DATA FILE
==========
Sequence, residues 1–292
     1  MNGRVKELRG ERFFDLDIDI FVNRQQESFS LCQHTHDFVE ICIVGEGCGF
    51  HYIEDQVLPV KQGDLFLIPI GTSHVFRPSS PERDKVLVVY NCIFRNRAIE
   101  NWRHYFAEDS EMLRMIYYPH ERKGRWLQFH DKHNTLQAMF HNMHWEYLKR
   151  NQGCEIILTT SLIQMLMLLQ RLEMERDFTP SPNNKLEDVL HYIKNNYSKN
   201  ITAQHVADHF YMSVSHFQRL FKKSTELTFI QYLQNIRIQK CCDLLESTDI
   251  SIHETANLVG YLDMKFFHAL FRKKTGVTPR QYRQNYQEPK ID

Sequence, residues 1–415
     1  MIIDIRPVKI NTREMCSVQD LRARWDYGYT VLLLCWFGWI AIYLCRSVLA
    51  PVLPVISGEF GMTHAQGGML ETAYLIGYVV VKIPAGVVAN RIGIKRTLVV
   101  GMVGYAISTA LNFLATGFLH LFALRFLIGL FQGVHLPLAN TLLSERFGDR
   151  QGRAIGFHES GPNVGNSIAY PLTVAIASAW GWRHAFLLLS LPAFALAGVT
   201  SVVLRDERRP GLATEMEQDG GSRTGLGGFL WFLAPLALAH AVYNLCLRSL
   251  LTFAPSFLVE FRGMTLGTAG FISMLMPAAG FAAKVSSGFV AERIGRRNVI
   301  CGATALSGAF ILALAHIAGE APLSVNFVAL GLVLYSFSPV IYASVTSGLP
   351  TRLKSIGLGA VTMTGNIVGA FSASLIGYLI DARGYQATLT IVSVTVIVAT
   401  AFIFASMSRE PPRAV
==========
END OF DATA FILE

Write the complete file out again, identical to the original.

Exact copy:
Sequence, residues 1–292
     1  MNGRVKELRG ERFFDLDIDI FVNRQQESFS LCQHTHDFVE ICIVGEGCGF
    51  HYIEDQVLPV KQGDLFLIPI GTSHVFRPSS PERDKVLVVY NCIFRNRAIE
   101  NWRHYFAEDS EMLRMIYYPH ERKGRWLQFH DKHNTLQAMF HNMHWEYLKR
   151  NQGCEIILTT SLIQMLMLLQ RLEMERDFTP SPNNKLEDVL HYIKNNYSKN
   201  ITAQHVADHF YMSVSHFQRL FKKSTELTFI QYLQNIRIQK CCDLLESTDI
   251  SIHETANLVG YLDMKFFHAL FRKKTGVTPR QYRQNYQEPK ID

Sequence, residues 1–415
     1  MIIDIRPVKI NTREMCSVQD LRARWDYGYT VLLLCWFGWI AIYLCRSVLA
    51  PVLPVISGEF GMTHAQGGML ETAYLIGYVV VKIPAGVVAN RIGIKRTLVV
   101  GMVGYAISTA LNFLATGFLH LFALRFLIGL FQGVHLPLAN TLLSERFGDR
   151  QGRAIGFHES GPNVGNSIAY PLTVAIASAW GWRHAFLLLS LPAFALAGVT
   201  SVVLRDERRP GLATEMEQDG GSRTGLGGFL WFLAPLALAH AVYNLCLRSL
   251  LTFAPSFLVE FRGMTLGTAG FISMLMPAAG FAAKVSSGFV AERIGRRNVI
   301  CGATALSGAF ILALAHIAGE APLSVNFVAL GLVLYSFSPV IYASVTSGLP
   351  TRLKSIGLGA VTMTGNIVGA FSASLIGYLI DARGYQATLT IVSVTVIVAT
   401  AFIFASMSRE PPRAV